For instance, a person who feels that he/she is not good in studies can become good in sports. A person who feels that he/she is not good looking can become very good in studies and other intellectual tasks. A person who feels that he/she does not have a good speaking ability can develop good skills in writing or painting. In this way an individual can compensate his/her lack of ability by developing and enhancing some other ability.

Another way to overcome inferiority complex is to have a high level of self-awareness. A high level of self-awareness will enable the person to know himself/herself in a much better way. Due to this an individual can recognize his/her strengths and weaknesses and work accordingly. If the person realizes his/her strengths and true abilities, then there is no way that the person could develop an inferiority complex.

Many people become too much sensitive about what other people feel or think about them. They begin to worry a lot about how others see them. This is completely unnecessary and a waste of time. Rather than worrying about what others are thinking, it is much better to focus on what we want to do.

An individual knows himself/herself better and if he/she goes according to others then there is a possibility that the person might get into things in which he/she lacks proper ability. This may cause constant failures and eventually lead to inferiority complex.

Comparing oneself to others also does no good to the person. If a person is good in something that does not mean that another individual also has to be good in that. The individual might have his/her own strengths and should focus on that. Trying to ape others can be misguiding and lead to insecurity, which may further develop into inferiority complex.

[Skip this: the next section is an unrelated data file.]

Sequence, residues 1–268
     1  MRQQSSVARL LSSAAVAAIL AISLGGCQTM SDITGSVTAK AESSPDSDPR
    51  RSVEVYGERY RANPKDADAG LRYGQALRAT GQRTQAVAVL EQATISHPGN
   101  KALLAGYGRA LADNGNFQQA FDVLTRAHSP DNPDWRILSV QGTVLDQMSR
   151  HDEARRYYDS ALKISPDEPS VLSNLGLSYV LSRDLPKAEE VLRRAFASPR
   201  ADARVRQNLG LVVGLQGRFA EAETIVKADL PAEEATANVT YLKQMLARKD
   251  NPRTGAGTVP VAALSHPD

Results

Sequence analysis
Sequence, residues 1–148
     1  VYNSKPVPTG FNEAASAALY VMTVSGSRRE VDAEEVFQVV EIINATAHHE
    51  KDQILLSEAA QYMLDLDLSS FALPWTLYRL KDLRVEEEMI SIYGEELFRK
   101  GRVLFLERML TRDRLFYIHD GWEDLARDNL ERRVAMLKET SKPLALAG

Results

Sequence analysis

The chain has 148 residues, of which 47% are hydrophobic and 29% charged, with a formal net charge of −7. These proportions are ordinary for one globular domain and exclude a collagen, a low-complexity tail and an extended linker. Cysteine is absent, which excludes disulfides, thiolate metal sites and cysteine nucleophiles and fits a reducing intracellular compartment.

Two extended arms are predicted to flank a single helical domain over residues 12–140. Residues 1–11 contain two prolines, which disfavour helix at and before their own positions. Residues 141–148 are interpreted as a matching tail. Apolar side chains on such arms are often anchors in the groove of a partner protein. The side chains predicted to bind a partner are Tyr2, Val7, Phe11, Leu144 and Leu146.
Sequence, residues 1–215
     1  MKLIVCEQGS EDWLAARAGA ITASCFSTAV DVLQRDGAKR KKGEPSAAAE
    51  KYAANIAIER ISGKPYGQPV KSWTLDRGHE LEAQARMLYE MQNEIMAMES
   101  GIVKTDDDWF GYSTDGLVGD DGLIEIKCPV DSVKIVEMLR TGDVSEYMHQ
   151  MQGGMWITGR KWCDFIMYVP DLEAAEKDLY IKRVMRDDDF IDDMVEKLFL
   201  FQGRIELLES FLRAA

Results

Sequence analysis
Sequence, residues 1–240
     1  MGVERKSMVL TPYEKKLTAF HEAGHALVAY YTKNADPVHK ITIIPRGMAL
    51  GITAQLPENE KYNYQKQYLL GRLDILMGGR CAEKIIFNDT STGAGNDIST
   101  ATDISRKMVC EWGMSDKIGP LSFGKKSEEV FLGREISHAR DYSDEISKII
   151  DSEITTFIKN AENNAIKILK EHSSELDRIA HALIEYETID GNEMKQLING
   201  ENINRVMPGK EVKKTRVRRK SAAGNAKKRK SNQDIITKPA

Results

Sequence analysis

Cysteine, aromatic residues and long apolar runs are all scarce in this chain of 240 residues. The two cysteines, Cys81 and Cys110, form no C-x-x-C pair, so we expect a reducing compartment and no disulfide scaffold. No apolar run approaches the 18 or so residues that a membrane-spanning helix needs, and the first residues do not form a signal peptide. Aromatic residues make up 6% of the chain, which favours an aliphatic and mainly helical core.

The feeling of inferiority can be a good thing for an individual until and unless it is not exaggerated. Inferiority complex is obviously something that can cause a lot of troubles to a person.

The longer inferiority complex stays the worse it gets. Therefore, a person should do his/her best to overcome it once he/she develops it. Rather than overcoming it would be much better if an individual uses his/her thought processes in an appropriate manner and try to dissociate himself/herself from inferiority complex as much as possible.

23 comments:

cutestangel said...

A good way to help get rid of an inferiority complex is to participate in a group activity, mixing with other people helps to regain lost confidence and break the shyness.

Saif said...

@ cutesangel
Yeah it can be quite possible, but a person with an inferiority complex may not even be able to gather the courage and confidence to be in such activities. also, it may further increase the inferiority complex because an individual might unreasonably see himself/herself as incompetent when compared to others. participating in group activities is a good way to overcome loneliness, but not sure if it could work for inferiority complex.